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Green mars
Kim Stanley Robinson
Adult Fiction ROBINSO

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From Publishers' Weekly:

The sequel to Red Mars details an early 22nd-century Mars controlled by Earth's metanationals, gigantic corporations intent on exploiting Mars. Debate among the settlers--some native-born, some the surviving members of the First Hundred--is divided between the minimalist areoformists, who have come to love Mars in all its harshness, and the terraformists, who want to replicate Earth. As the surface of Mars warms and is seeded with genetically altered plants, the settlers await Earth's self-destruction, which they hope will give them a chance to claim their independence. They travel endlessly over every inch of Mars--no mean feat, since most of the First Hundred are criminals wanted for their roles in the failed revolt of 2061--with each kilometer and each group of settlers they meet described in laborious detail. When they're not traveling, these colonists contemplate the history of which they have been a part and which they can only partially recall as a result of their longevity treatments. With the collapse of Earth society and internecine battles among the metanationals, the Martian settlers liberate their cities and declare their planet free. This wide-ranging novel is loaded with all manner of scientific and historical detail, but the story bogs down under its very breadth and seems almost like a Martian year--twice as long as it needs to be. The next and final volume in the trilogy will be Blue Mars . (Mar.) (c) Copyright PWxyz, LLC. All rights reserved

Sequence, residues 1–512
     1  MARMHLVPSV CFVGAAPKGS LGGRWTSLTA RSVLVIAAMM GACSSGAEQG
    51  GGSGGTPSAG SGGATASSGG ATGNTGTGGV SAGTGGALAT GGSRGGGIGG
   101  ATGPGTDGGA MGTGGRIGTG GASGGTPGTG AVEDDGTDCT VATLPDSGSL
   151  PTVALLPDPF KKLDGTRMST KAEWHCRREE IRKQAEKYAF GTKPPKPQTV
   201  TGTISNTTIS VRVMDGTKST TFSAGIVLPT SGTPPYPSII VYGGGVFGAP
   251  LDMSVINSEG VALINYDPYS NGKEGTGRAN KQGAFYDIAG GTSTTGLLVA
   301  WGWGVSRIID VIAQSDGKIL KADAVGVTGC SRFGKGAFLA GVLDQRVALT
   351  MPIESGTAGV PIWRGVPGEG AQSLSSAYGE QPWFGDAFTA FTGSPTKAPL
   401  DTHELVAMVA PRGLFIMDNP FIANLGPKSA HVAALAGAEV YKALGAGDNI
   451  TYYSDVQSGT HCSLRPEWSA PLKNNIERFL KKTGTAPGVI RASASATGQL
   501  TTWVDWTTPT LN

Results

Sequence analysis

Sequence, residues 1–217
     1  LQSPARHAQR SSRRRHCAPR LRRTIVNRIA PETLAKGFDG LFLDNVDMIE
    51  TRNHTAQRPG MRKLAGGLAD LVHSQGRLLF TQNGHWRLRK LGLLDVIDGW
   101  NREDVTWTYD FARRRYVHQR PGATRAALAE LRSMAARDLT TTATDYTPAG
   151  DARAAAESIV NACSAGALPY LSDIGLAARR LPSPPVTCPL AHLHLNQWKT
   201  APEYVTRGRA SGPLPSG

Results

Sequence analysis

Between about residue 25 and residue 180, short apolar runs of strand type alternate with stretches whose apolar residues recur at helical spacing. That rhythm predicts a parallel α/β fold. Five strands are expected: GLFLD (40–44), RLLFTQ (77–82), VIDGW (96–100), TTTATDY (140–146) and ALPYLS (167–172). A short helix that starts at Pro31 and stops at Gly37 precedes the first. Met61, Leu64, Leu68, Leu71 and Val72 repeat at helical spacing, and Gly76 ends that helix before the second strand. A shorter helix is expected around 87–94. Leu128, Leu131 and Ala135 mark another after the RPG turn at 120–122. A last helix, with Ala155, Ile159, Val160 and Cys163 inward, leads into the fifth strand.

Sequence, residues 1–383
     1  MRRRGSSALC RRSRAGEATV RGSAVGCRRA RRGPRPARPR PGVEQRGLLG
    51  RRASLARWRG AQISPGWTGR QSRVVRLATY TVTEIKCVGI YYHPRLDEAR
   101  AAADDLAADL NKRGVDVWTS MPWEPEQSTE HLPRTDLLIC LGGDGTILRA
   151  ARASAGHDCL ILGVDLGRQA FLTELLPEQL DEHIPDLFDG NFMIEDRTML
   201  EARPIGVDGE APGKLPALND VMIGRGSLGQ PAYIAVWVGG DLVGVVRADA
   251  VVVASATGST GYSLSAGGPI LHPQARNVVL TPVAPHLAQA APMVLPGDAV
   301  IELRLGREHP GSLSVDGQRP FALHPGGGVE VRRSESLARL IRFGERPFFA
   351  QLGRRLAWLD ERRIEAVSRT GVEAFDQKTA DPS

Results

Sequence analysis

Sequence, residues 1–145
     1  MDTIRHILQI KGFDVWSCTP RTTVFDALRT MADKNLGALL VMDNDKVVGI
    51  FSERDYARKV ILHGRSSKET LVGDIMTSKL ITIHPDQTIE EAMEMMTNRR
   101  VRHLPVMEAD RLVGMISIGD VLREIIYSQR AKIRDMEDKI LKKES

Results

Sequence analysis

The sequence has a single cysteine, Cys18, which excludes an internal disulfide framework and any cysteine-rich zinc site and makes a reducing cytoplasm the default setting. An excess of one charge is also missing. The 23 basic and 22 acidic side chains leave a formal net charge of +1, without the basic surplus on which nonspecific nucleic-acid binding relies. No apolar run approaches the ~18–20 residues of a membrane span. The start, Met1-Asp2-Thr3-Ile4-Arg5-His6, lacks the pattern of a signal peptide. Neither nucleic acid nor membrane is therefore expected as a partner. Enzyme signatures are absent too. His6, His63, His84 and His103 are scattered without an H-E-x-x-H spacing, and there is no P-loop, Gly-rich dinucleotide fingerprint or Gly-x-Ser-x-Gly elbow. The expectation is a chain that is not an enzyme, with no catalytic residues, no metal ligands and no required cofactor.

From Library Journal:

As the ``greening'' of Mars becomes an inevitability, the struggle between those who want independence for the planet and those who see Mars as Earth's salvation escalates. Continuing the story begun in Red Mars ( LJ 11/15/92), this new addition to Robinson's Martian trilogy confronts basic issues of planetary responsibility and human conscience as a new generation of ``native'' Martians arises to search for new solutions to old problems. Grounded in current and projected technology, yet relying on human drama to propel the story forward, Robinson's latest novel is solidly written and powerfully explicated. (c) Copyright 2010. Library Journals LLC, a wholly owned subsidiary of Media Source, Inc. No redistribution permitted.

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